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Drunk Driving Defense
Blood Alcohol Content
Michigan has very strict driving under the influence (DUI) laws. A driver with a blood alcohol content (BAC) of .08 percent or higher is considered over the legal blood alcohol limit. A driver with a commercial driver’s license (CDL) with a BAC of .04 percent or higher can be arrested for DUI.
A driver under the age of 21 may be arrested for DUI if he or she has a BAC of .02 percent to .08 percent. This is commonly known as the Zero Tolerance law.
How Is Blood Alcohol Content Determined?
In Michigan, BAC is determined by breath, urine or blood test. The implied consent law says that a driver automatically agrees to submit to a chemical test whenever he or she operates a motor vehicle. The driver does not have the option to refuse the test in Michigan. Refusal will result in a one-year driver’s license suspension and six points on the driving record. Officers must advise drivers of their chemical test rights and the consequences of refusal.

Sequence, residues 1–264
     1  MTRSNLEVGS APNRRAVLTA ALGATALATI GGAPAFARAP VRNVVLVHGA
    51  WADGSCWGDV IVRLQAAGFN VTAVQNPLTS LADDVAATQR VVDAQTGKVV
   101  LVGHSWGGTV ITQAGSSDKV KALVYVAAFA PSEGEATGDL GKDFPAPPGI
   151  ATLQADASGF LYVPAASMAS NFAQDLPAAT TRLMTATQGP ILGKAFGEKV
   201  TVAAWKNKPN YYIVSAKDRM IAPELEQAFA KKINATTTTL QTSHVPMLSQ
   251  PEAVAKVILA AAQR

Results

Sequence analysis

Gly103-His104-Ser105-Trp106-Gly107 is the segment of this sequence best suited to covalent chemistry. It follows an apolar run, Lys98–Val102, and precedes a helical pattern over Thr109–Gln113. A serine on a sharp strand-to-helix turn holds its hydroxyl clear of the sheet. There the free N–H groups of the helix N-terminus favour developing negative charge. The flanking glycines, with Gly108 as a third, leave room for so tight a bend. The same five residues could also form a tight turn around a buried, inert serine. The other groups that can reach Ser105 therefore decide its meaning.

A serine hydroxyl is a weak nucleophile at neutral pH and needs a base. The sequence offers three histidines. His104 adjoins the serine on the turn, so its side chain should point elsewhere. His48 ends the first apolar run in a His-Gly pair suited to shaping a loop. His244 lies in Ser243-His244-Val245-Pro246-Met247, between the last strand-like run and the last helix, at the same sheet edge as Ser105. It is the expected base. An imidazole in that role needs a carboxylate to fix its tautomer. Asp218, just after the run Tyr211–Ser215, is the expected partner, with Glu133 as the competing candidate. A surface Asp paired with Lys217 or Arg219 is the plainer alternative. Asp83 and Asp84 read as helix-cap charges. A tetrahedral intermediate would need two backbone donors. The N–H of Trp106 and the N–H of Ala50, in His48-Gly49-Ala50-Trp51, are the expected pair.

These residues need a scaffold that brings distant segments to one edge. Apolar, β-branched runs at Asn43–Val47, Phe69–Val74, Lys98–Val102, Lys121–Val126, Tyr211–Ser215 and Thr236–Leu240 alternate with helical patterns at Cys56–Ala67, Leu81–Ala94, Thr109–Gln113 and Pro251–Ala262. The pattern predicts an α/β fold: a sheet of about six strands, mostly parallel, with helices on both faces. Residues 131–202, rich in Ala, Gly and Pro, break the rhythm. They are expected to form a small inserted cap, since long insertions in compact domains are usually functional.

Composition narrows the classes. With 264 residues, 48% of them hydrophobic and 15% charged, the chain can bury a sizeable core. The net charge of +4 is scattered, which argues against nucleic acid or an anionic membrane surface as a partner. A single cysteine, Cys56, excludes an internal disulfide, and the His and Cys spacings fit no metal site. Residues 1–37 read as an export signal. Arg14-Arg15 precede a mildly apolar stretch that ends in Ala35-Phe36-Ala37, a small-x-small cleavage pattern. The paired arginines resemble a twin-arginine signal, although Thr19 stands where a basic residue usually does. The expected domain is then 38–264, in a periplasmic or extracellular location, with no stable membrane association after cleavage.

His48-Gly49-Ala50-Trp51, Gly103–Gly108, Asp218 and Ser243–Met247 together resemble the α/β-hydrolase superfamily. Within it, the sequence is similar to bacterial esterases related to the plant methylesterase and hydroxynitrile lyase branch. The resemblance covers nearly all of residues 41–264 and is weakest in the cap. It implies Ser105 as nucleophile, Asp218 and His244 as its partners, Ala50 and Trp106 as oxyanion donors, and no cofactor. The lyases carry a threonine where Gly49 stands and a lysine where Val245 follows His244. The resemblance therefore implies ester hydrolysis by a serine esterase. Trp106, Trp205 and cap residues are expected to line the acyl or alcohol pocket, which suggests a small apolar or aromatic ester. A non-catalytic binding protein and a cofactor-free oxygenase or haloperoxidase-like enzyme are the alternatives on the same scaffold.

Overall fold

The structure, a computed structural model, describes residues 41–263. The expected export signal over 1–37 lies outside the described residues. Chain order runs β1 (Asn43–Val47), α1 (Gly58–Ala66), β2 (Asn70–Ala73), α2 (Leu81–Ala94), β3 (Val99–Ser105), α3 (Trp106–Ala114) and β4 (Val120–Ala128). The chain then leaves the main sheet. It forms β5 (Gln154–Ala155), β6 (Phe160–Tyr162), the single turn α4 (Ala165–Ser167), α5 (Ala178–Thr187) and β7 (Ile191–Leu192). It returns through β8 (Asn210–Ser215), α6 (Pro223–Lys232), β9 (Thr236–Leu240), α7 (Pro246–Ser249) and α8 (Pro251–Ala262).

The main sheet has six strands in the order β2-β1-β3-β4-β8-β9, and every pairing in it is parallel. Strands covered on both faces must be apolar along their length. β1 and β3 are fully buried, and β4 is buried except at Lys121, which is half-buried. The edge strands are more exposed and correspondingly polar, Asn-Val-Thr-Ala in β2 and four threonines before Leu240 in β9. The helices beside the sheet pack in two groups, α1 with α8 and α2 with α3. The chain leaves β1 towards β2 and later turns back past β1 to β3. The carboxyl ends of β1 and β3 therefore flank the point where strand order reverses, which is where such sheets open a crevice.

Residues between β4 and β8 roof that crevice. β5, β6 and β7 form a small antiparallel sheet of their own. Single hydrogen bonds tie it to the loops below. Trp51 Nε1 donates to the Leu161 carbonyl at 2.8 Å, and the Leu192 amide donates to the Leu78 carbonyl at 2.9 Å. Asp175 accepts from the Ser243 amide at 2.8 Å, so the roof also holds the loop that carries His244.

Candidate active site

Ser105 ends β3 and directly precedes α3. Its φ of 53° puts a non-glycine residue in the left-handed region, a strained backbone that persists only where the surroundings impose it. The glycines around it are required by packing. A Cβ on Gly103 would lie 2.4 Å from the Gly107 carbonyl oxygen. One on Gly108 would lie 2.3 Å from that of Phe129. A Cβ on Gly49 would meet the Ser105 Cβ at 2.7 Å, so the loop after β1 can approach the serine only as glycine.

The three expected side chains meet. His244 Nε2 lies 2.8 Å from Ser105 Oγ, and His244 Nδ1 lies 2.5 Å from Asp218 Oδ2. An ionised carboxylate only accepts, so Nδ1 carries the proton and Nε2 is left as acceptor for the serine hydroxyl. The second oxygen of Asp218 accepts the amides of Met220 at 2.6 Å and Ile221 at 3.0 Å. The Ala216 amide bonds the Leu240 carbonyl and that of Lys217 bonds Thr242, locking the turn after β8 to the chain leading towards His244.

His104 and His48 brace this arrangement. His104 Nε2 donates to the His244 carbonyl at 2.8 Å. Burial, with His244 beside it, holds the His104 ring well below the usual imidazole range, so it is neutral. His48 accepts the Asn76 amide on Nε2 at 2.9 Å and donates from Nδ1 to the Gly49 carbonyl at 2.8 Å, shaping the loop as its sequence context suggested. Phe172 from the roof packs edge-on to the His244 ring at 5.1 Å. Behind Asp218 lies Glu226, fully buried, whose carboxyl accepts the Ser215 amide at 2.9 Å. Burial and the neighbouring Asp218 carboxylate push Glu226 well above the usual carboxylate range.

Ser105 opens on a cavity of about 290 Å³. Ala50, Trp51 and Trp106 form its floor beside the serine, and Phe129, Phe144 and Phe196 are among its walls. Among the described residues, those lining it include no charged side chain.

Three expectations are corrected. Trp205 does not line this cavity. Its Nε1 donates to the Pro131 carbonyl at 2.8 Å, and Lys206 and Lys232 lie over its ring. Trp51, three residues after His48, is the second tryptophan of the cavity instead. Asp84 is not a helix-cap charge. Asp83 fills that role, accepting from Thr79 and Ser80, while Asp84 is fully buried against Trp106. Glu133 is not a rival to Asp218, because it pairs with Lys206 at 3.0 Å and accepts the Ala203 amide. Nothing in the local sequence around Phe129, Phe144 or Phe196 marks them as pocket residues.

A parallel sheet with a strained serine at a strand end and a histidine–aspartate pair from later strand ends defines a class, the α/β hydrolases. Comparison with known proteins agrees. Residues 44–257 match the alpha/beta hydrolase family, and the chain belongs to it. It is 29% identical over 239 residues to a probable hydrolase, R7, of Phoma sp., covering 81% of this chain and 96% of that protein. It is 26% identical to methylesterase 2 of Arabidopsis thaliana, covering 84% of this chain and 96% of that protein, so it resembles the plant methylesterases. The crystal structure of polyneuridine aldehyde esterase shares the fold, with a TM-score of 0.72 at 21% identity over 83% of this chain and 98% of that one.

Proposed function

There are several methods for determining BAC, including:
- Breath test: Police officers most commonly determine BAC level with a chemical breath test using a Breathalyzer. In Michigan, the Breathalyzer is called the Datamaster or Datamaster DMT. The officer must follow specific procedures before having a driver blow through a tube into the Breathalyzer. Errors are commonly seen with the use of the devices. The errors may cause false BAC results.
- Blood test: Officers typically use blood tests if the driver is injured, unconscious or has refused to take the breath test. A blood test may be obtained with the driver’s consent or with a search warrant based on probable cause.
Chemical test results are presumed to be the BAC at the time the driver was operating a motor vehicle. A DUI attorney will examine the test used and the results. Mistakes may have been made during the testing process.